Noncommunicable diseases have become the leading cause of death and illness in the Philippines. Alcohol consumption is associated with more than 10% of noncommunicable disease burden worldwide, including liver disease and cancer. The Global Burden of Disease (GBD) Compare published by the Institute of Health Metrics and Evaluation, University of Washington revealed that in 2017 alone, there were 29,506 deaths attributable to alcohol use in the Philippines. The idea that moderate alcohol consumption (“one glass of wine a day”) is safe, has recently been denounced by the World Health Organization (WHO). Their report estimates that alcohol kills one person every 10 seconds. There is no safe dose for alcohol consumption.
The cost-effective prevention and control of noncommunicable diseases, such as those associated with alcohol consumption, can be achieved through policy that targets an entire population over individuals. Among the most cost-effective interventions is increasing taxation. The Alliance for Improving Health Outcomes was commissioned by the Department of Health (DoH) through the Philippine Council for Health Research and Development to run simulations that quantified the health effects and consequences of updating alcohol tax policies in the Philippines. There are two proposed tax structures by executive agencies: Department of Health-Department of Finance (DoH-DoF) and House of Representatives (HoR).
From the 2018 baseline consumption, the simulation shows that implementation of either the DoH-DoF and HoR proposals will decrease alcohol consumption. With the DoH-DoF proposal, the consumption of spirits, beer, and wine will decrease by 18.5%, 20.5%, and 4.7% respectively five years after implementation. With the HoR proposal, the consumption of spirits, beer, and wine will decrease by 11.5%, 7.2%, and 4.5% respectively five years after implementation. The DoH-DoF proposal appears to be a more effective deterrent to alcohol consumption owing to the espousal of much higher taxes (compared to the HoR proposal) on the sale of alcoholic products.
The simulation shows that the health impact of implementing the proposed taxes will be nothing short of dramatic. The DoH-DoF proposal will prevent the death of over 57,000 Filipinos after four years of implementation. The HoR version, on the other hand, will save over 22,000 lives after four years of implementation. As much as a 51% reduction in deaths attributable to alcohol per year may be achieved if the DoH-DoF tax proposal is adopted, and as much as a 20% reduction if the HoR tax proposal is adopted.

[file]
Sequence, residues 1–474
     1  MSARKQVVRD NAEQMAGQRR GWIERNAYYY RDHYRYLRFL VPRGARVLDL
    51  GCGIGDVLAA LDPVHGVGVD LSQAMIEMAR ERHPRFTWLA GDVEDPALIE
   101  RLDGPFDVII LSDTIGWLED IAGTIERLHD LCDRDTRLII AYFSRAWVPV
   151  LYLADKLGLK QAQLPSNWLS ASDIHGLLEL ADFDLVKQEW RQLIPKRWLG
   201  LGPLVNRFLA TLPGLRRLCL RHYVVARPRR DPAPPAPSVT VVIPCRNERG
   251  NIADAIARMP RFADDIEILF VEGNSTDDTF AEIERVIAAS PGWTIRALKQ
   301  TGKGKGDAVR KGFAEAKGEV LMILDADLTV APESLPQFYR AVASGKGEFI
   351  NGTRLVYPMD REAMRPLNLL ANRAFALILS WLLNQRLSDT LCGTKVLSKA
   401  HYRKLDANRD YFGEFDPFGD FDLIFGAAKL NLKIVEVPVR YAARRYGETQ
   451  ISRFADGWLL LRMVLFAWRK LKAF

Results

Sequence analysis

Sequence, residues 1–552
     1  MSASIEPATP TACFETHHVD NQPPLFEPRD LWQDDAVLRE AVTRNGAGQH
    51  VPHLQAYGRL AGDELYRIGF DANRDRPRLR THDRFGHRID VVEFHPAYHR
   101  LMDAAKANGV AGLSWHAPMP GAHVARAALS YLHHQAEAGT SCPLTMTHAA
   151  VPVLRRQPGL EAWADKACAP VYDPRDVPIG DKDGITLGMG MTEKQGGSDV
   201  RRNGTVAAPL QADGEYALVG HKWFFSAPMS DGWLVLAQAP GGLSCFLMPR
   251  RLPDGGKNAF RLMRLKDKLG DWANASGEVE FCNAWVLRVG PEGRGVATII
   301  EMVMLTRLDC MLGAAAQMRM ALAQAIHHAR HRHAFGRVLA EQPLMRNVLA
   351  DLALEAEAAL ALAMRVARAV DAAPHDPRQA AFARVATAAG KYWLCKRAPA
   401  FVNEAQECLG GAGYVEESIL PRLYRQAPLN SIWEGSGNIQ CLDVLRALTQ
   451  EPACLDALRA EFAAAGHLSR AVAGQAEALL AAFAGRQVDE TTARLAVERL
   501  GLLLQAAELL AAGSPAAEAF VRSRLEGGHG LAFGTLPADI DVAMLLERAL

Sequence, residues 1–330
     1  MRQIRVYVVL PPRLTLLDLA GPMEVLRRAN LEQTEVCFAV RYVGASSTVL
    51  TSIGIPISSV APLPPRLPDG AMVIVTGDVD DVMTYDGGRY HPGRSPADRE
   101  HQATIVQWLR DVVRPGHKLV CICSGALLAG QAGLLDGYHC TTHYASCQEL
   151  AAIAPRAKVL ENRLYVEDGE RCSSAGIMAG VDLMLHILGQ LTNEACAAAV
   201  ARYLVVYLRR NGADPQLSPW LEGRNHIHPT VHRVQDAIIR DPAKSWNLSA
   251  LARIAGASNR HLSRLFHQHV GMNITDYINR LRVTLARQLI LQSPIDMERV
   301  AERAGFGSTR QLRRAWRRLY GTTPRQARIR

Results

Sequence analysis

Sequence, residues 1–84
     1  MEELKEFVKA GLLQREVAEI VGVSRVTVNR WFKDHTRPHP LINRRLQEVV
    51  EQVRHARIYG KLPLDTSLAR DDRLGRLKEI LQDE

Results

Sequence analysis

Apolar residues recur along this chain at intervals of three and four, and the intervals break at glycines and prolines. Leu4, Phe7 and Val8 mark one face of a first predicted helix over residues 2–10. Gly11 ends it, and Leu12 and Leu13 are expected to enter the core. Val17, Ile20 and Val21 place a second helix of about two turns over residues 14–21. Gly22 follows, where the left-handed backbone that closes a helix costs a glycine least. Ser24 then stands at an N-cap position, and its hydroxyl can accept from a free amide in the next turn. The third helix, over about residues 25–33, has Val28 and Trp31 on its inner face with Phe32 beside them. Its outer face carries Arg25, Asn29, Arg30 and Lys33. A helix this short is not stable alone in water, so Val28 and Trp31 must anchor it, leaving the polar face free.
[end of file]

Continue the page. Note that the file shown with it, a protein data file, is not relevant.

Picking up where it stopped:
This demonstrates that increasing tax rates for alcoholic beverages to the proposed structure of either the DoH-DoF or the HoR would result in public health gains. Even then, preventing deaths of Filipinos may just represent the proverbial “tip of the iceberg” as a result of tax intervention. Those who become ill because of alcohol use are expected to be unable to earn and will affect productivity even of family members taking care of them. Moreover, while all alcohol drinkers carry health and economic risks, the risks are greater for those with lower socioeconomic status, as they are less likely to afford healthcare when needed and earn while ill. Alcohol-related diseases also contribute to rising healthcare costs. Hence, it is imperative that increasing alcohol tax is understood as both a health and economic policy.
The government revenues raised from the higher taxes can be used to fund other public health initiatives like Universal Health Care. In settings with constraints on public finances and healthcare resources, taxing alcohol, tobacco, and sugar-sweetened beverages could provide a means to prevent disease, improve population health, and raise revenue to fund healthcare. Sweetened beverages have been taxed since 2018. On June 25, President Rodrigo R. Duterte signed into law the bill raising excise tax for tobacco products. It is now the time to update the law governing alcohol taxation.
Alliance for Improving Health Outcomes (AIHO), a partner of Action for Economic Reforms, is public health consulting firm composed of experienced and credible public health experts. Dr. Michael Mo and Dr. Dante Salvador, Jr. are public health physicians, health economists, and part of AIHO. Kim Sales is the current Deputy Director of AIHO.